proactive and energetic approach for dealing with this country. Flagging the security, socioeconomic and environmental costs of refugees to his country, the Ambassador reaffirmed Kenya’s
commitment to continue hosting Somali refugees, while urging members of the Security Council to
take appropriate action on Somalia, to strengthen the African Union Mission in Somalia
(AMISOM) and to offer assistance to the people of Somalia inside Somalia. He commended the
High Commissioner for Human Rights for facilitating the Universal Periodic Review (UPR), an
important contribution to the identification of Somalia’s human rights needs and key challenges.
Expressing the view that at present the human rights mechanisms could not be applied to advance
right-based strategies for solutions, he called on the international community to support the
implementation of the Nairobi Action Plan on the Horn of Africa Summit of 9 September 2011 held
under the auspices of the Inter-Governmental Authority on Development and the East African
Community (IGAD). The binding Action Plan, he noted, represented the political commitment at
the highest level by States from the region to enhance resilience and to integrate risk-reduction and
climate change adaptation into their development planning and resources allocation.
DR. SHAMSUL BARI, Independent Expert on the situation of human rights in Somalia, stated that,
following his last two visits to Somalia in January and July 2011 he had warned publicly about the
catastrophe looming over Somalia. While he welcomed the recent international mobilization, he
noted that the response was late, slow and insufficient. He feared that, because the crisis in Somalia
had gone on for such a long time, the sensibilities about the terrible suffering of the Somali people
had become blunted and the humanitarian disaster risked becoming another blot on the conscience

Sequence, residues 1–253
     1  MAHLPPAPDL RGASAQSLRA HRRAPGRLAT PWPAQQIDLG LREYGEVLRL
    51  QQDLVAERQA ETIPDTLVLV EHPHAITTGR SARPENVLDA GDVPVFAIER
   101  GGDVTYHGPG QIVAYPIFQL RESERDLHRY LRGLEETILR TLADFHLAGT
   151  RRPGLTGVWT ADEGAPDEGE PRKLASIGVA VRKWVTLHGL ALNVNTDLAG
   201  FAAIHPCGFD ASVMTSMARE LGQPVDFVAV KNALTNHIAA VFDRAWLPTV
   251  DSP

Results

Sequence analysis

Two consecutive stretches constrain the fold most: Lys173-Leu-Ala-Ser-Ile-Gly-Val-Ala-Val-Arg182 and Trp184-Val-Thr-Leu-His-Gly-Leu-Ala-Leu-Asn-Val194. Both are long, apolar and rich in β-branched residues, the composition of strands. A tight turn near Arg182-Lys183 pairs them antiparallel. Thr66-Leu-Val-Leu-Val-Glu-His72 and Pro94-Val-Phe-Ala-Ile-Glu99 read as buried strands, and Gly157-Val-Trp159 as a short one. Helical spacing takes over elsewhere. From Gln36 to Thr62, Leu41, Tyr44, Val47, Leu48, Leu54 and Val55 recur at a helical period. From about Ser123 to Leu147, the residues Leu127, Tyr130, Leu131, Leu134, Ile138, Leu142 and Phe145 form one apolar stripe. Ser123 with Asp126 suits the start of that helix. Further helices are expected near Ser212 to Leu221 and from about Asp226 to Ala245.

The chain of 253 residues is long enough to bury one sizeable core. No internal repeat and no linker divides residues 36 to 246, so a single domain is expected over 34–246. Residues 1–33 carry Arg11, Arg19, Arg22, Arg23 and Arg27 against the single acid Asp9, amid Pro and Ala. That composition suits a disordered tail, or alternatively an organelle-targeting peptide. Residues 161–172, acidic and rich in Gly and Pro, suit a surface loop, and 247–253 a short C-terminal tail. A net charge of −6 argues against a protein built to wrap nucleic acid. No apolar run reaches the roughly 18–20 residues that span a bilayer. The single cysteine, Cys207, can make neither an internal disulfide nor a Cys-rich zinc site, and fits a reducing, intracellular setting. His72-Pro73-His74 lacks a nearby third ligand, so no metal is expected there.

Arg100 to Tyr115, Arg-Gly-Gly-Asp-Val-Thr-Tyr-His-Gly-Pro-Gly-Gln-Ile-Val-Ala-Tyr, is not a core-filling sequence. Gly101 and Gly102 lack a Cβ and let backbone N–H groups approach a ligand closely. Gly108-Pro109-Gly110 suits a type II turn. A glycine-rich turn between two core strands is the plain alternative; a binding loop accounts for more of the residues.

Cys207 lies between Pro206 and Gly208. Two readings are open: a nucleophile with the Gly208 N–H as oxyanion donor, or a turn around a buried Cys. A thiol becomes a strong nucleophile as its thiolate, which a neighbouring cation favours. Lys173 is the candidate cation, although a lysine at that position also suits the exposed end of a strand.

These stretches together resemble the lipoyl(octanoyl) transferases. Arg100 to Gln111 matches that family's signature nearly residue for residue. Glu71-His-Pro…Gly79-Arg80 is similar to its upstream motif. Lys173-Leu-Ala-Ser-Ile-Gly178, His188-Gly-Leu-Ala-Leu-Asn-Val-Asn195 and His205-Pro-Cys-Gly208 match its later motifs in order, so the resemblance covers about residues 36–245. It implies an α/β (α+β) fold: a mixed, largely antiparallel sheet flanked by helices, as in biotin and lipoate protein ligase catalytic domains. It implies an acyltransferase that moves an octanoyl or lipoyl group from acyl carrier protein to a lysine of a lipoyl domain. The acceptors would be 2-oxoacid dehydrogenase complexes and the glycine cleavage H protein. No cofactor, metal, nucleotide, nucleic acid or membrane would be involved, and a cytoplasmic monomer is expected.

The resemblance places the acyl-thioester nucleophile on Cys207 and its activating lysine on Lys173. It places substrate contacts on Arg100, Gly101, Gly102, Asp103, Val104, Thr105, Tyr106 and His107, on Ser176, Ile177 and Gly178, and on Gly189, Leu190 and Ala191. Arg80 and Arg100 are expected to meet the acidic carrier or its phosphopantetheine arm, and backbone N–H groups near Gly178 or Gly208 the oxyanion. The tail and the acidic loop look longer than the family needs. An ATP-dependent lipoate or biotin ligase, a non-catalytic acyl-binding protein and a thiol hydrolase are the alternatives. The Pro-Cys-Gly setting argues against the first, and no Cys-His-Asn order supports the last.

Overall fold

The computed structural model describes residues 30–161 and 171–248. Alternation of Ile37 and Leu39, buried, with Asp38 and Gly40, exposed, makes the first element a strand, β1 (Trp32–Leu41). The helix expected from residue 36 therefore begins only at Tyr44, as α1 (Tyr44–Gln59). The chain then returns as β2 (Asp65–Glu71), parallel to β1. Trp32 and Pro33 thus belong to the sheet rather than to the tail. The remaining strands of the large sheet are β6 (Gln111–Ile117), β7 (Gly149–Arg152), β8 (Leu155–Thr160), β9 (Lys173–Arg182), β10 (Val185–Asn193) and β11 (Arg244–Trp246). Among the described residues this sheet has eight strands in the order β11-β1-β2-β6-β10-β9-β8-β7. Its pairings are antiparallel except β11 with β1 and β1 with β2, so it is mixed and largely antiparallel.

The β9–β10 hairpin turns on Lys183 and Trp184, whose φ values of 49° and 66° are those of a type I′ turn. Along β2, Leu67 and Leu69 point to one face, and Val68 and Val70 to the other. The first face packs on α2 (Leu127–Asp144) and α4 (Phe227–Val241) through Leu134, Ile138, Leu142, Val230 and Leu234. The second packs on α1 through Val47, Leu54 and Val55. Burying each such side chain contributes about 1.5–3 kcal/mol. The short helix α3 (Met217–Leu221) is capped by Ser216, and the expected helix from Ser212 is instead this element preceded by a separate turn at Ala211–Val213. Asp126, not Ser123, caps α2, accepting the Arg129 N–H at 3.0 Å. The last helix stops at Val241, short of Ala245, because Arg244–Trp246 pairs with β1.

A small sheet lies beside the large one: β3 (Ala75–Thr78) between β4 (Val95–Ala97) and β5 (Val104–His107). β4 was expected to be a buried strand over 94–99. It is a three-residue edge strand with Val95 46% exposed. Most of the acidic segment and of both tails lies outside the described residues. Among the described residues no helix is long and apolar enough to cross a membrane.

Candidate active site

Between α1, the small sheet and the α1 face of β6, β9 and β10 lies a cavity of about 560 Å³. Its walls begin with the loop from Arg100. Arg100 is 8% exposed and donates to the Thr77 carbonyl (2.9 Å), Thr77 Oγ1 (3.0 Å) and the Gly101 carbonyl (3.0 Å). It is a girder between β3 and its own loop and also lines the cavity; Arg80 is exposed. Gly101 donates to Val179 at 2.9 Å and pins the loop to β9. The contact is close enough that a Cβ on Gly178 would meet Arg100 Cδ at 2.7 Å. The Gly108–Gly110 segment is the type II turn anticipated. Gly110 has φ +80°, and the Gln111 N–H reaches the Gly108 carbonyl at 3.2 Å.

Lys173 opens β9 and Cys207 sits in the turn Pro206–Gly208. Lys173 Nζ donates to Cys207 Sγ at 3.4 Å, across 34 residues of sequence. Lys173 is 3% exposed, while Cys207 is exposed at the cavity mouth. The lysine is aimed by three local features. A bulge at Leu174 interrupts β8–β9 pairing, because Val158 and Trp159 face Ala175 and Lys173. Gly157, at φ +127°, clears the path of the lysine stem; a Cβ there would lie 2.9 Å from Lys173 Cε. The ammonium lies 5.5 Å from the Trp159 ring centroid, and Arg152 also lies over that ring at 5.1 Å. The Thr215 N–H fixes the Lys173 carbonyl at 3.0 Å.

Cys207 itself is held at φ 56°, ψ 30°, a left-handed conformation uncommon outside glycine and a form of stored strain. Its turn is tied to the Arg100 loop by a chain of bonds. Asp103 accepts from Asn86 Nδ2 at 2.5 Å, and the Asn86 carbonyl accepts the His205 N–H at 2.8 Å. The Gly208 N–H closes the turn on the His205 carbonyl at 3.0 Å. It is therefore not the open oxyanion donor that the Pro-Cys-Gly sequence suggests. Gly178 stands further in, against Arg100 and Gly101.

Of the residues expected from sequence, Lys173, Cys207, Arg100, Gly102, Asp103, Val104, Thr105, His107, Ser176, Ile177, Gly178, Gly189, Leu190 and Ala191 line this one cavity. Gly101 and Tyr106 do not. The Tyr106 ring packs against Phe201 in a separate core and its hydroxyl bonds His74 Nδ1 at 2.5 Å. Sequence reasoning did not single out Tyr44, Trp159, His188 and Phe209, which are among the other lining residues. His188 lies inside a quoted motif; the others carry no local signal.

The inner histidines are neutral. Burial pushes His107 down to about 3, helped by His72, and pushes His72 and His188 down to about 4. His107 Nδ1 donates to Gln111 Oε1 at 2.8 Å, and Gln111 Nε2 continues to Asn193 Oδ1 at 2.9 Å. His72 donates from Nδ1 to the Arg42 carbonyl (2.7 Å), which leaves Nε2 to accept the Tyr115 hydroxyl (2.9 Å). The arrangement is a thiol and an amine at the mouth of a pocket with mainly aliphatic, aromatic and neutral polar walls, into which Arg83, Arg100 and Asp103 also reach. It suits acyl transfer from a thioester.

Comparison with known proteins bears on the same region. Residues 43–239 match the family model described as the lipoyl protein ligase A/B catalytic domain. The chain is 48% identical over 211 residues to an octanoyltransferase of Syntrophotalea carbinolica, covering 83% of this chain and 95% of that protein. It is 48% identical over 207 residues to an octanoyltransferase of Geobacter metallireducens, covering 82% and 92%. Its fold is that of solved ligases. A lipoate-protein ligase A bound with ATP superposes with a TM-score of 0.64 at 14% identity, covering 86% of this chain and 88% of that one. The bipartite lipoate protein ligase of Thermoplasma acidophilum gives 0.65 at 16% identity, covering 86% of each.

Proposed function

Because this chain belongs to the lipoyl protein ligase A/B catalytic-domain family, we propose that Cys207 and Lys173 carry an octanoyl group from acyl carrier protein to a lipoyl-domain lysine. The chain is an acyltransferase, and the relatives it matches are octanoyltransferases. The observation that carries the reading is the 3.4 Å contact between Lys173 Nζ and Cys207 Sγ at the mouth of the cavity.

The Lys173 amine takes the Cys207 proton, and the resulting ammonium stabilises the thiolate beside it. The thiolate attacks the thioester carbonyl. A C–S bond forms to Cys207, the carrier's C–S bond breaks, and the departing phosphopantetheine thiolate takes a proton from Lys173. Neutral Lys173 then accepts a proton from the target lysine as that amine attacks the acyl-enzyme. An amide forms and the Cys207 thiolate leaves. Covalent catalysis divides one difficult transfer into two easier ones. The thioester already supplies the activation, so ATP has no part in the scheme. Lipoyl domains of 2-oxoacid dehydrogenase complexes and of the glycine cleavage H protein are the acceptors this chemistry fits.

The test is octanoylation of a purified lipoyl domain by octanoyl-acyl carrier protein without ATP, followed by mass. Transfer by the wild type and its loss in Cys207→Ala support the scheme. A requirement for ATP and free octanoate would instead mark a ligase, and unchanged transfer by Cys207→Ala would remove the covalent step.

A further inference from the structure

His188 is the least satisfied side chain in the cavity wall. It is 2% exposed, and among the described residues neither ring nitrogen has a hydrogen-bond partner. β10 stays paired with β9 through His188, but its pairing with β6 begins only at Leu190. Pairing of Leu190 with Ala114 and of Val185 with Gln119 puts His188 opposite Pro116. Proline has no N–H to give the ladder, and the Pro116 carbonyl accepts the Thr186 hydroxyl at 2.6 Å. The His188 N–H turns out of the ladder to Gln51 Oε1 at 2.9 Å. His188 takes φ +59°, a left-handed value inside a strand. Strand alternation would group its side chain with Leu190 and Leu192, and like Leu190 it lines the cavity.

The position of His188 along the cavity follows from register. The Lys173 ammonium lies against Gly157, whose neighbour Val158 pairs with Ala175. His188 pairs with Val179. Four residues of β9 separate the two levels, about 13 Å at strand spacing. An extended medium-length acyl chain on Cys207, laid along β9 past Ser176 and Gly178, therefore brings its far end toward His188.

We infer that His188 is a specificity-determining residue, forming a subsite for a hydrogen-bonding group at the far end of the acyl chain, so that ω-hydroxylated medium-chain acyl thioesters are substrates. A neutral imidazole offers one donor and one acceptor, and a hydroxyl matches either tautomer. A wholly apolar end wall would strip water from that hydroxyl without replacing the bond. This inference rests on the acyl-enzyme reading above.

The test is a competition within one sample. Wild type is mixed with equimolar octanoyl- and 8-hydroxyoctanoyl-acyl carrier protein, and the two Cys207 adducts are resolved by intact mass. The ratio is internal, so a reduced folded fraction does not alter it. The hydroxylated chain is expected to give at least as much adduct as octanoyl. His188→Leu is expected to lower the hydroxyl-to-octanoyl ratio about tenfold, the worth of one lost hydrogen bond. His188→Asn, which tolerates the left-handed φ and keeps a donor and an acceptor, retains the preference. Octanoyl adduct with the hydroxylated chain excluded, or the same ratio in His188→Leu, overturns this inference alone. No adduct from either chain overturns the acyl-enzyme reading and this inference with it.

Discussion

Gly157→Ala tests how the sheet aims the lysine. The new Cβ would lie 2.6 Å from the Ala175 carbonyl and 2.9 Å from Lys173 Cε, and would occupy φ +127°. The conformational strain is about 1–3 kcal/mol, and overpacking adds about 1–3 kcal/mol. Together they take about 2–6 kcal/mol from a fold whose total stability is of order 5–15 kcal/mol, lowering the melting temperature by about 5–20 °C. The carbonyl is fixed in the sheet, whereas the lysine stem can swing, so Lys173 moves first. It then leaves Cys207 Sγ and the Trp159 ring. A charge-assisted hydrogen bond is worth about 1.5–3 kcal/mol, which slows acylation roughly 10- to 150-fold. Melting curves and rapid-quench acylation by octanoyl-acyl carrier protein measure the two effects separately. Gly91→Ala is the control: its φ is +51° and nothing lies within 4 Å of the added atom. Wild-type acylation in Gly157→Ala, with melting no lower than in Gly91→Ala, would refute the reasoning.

of mankind. The Independent Expert stressed the importance of identifying the root causes of the
crisis and making structural changes. The war economy in Somalia had become a lucrative business
and encouraged warlordism. The lack of democracy, good governance and participation in public
affairs, as well as the marginalization of vulnerable groups, had a detrimental impact on people’s
right to food. Speaking about a culture of impunity, the expert called on the international
community to establish a mechanism of accountability. He reminded participants that the deliberate
starvation of civilians as a method of warfare may amount to war crimes, crimes against humanity
or even genocide under international humanitarian law. He also called for sanctions to be enforced
on countries that continued to finance, facilitate and execute terror, while expressing concern that
counterterrorism measures applied by some countries had contributed to impeding an appropriate
response to the crisis. Giving his own views, as well as those of Mr. Olivier De Schutter, the Special
Rapporteur on the Rights to Food, the Independent Expert highlighted the need for better droughtpreparedness and government accountability. Governments needed to have drought action plans in
place, allocate priorities and responsibilities, and take swift action. Food reserves needed to be
established in strategic areas and climate-resilient agriculture systems developed, favouring the
harvesting of rainfall through cisterns and agro-forestry programmes. This required political will
and appropriate investments. The need to add in the Food Aid Convention an obligation on States to
provide support when crises emerged was also highlighted.
MR. RAOUF MAZOU, UNHCR Deputy Director for the East and Horn of Africa, described the
forced displacement in the Horn of Africa. Close to 300.000 Somalis had arrived in neighbouring
countries this year alone. In refugee camps in Ethiopia, UNHCR had witnessed some of the highest
mortality rates in recent times. The displacement had exposed individuals and families to serious
protection risks. While efforts were being made to protect refugees, serious gaps remained, for
instance in education. Congratulating countries of the region for their hospitality towards Somali